Thomas Sainsbury is one of those indefatigable writers who seem destined for great theatrical things; even his name has a theatrical ring to it. He comes from New Zealand, has written and/or directed approximately 15 plays in the past few years, and although all my late night Googling has failed to reveal his exact age, he would appear to be young to have been responsible for so many well-received plays.

Oh yeah – not only has he taken his plays overseas but he's part of the team behind an already-aired television series (Super City) with the possibility of another to follow up.

So what kind of stuff does Mr Sainsbury write? Mostly, it would appear, it is dark and funny. If you were quick you might have seen the small and quite excellent production of Tom Sainsbury's The Mall earlier this year by new Melbourne theatre company Mellow Yellow Productions.

Mellow Yellow and Albion Productions are now about to bring us the very timely Christmas Monologues, a play about the variety of impacts Christmas has on a variety of characters

Thomas SainsburyWhen did you write The Christmas Monologues and what thoughts/feelings prompted you to write it?
I wrote The Christmas Monologues in London is 2008. There were a whole bunch of us Kiwis over there and we wanted to put on a show. At the time I was working at a costume store in Covent Garden. I would plot and write the monologues by hand in amongst the plastic, tacky costumes. I was also inspired by the costumes and certain characters came from them.

What do you like/dislike most about Christmas?
I dislike a lot of it. Isn’t that terrible? I dislike the commercialism of it most. Useless, disposable presents for the sake of getting and giving presents. What I like most is the peace and quiet in the city. No cars on the road, everyone relaxed. Peace and quiet.

Tell us a bit about some of the pros and cons of writing a series of monologues as opposed to writing a narrative where the characters paths cross and their lives are affected by the others.
The pros for the original production was I only needed to rehearse with one actor at a time. Multiple actors can be difficult when everyone lives so far apart. I also love monologues because you can paint a whole world with words. With dialogue driven pieces people are seeing exactly what’s happening. With a good monologue you’re taken into a whole new world within your mind. What’s difficult, however, is sustaining an audiences attention with one person talking. It’s much, much easier to watch people conversing and take in what’s happening. It’s much harder to write a good monologue.

Are any of the characters based on real people?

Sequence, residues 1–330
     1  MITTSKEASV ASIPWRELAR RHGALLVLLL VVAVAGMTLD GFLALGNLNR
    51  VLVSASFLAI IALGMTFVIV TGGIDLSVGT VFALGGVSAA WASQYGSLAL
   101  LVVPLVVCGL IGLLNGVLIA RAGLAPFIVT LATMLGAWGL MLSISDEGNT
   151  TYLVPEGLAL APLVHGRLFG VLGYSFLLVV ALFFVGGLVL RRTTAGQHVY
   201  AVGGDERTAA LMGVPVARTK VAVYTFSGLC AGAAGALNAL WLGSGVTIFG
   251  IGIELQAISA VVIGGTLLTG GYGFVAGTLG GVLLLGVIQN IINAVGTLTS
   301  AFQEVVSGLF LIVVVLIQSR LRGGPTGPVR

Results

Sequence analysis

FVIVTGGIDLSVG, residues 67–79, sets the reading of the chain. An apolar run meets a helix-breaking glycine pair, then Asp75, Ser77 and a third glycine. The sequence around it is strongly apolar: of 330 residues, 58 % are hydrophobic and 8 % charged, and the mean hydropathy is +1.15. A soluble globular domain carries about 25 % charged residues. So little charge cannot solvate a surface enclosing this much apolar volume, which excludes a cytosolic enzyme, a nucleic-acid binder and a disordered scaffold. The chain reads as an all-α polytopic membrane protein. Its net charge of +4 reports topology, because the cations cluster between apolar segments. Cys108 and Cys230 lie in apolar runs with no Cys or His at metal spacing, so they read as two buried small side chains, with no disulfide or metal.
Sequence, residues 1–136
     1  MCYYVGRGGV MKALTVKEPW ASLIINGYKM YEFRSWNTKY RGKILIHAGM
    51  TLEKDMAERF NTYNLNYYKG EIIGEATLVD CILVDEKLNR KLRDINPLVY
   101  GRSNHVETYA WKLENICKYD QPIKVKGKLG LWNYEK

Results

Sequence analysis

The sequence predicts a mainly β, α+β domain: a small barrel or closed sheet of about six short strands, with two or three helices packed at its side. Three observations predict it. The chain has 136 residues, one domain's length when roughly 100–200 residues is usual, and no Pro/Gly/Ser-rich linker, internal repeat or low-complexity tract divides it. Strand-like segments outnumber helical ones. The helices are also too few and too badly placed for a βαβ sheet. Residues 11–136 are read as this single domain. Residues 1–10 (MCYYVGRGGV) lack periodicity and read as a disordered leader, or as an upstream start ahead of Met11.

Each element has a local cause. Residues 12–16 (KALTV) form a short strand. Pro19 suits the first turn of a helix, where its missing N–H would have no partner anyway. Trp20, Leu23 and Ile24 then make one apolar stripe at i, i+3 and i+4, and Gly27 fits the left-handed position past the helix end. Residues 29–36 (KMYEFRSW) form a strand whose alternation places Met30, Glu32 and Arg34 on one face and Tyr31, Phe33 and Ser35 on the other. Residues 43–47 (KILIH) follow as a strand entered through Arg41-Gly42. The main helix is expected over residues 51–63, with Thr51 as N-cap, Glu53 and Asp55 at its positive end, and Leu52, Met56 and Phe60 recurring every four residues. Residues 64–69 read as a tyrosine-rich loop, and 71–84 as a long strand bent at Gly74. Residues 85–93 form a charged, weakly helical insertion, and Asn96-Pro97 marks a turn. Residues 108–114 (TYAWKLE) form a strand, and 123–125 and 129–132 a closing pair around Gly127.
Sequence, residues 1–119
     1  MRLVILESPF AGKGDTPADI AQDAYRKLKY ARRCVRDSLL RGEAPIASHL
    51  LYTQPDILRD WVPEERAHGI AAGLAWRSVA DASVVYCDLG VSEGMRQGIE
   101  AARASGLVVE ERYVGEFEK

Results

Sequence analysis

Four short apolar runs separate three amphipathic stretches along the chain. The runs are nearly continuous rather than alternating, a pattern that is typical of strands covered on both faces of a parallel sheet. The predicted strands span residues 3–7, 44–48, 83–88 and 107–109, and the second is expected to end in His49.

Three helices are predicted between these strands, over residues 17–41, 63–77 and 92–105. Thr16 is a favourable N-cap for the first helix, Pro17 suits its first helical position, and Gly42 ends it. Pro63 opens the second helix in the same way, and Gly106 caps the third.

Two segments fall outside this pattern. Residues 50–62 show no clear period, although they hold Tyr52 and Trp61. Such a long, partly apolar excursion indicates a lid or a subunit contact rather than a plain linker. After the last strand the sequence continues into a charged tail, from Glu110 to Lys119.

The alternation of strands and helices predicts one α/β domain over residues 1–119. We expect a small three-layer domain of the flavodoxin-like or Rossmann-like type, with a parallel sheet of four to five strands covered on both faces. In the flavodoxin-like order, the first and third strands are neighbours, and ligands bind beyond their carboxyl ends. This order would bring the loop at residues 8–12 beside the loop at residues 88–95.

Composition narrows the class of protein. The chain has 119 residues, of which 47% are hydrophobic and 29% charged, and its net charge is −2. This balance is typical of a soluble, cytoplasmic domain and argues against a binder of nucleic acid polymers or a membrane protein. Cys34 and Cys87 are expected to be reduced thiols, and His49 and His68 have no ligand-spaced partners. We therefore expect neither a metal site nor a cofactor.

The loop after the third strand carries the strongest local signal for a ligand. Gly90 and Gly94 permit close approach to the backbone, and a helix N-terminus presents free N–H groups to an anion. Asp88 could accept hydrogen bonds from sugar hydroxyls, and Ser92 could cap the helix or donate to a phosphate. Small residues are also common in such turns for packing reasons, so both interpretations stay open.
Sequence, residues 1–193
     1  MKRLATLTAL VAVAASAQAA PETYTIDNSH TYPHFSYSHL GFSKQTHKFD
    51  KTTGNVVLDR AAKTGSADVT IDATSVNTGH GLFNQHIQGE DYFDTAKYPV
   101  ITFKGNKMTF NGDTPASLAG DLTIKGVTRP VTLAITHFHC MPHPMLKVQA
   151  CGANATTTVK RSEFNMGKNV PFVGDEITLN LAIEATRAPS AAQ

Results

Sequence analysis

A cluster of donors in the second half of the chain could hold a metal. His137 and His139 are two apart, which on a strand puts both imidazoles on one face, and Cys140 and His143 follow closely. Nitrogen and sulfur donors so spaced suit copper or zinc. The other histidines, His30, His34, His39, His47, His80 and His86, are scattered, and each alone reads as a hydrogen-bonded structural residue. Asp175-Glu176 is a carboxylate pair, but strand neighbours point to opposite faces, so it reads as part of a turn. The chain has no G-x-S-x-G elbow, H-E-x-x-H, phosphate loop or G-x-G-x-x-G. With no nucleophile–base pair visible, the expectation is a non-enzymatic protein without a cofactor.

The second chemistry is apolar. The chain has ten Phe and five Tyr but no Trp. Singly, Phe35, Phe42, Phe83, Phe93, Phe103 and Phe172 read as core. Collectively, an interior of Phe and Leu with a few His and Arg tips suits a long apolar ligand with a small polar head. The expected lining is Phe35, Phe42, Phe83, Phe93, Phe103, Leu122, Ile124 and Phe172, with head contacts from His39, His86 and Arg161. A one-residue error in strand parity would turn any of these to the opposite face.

Not really. The turkey farmer character is based on men I used to know growing up in rural New Zealand. The others were influenced by tidbits I picked up here and there. Stories people told me. Visits to old folks homes.

Tell us a little about a couple of your favourite characters from Christmas Monologues and what they have to say about Christmas.
My favourite would be the monologue about a geriatric nurse who has to work on Christmas day. I like the twist in the story but I also like that it’s commenting on how neglectful we are to our elderly. So many of them aren’t visited on Christmas day. Depressing!

I also like the Christmas Cracker monologue. This is about a ruthless small business woman. I like how forthright yet evil she is. I also like the commentary about the commercial side of Christmas. And how all this junk, like Christmas Crackers, is usually made in China.

Overall, how would you describe the mood of the thing?
Dark and acerbic. Twisted and grotesque. Funny, hopefully!

It's been a little while now and you've written much since... how fresh is this play in your mind?
It is honestly one of my favourites. I’m really happy with it. And that’s saying something. I am usually quick to move on from a text, disgusted at all the flaws. But this one . . . It’s still pretty fresh.

Where else have you taken the play, and how has it gone down in other countries?
It’s been around New Zealand and in two different venues in the UK. I think some monologues resonate with different audiences. The Old Folks home one is pretty universal, however.

Have you been very hands-on with most productions, or have you been involved solely as the writer?
I usually direct the first production of a play. I like to work things out in the rehearsal room. That’s where my next drafts come from. I can’t see how a script can be finished until you’ve nutted everything out with actors.

What about this Steph Lee person, the driving force behind this upcoming production – do you have much faith in her and her team doing the play justice?
I have the utmost faith in Steph Lee. She is a dynamo. And she’ll definitely do it justice.

Finally, what other projects have you been working on lately. I think I've heard about a television series – is that another series of Super City?
We find out about the second series of Super City in eight days. So fingers crossed. I am currently working on a new Christmas Show. This one is called A Krazy Kristmas. Similar tone to the monologues, but all multiple characters in each scene. I’ve also got many film scripts bubbling away. But they take a while.

Broken Mirror Studios
2C Staley Street. Brunswick
12th to the 17th Of December


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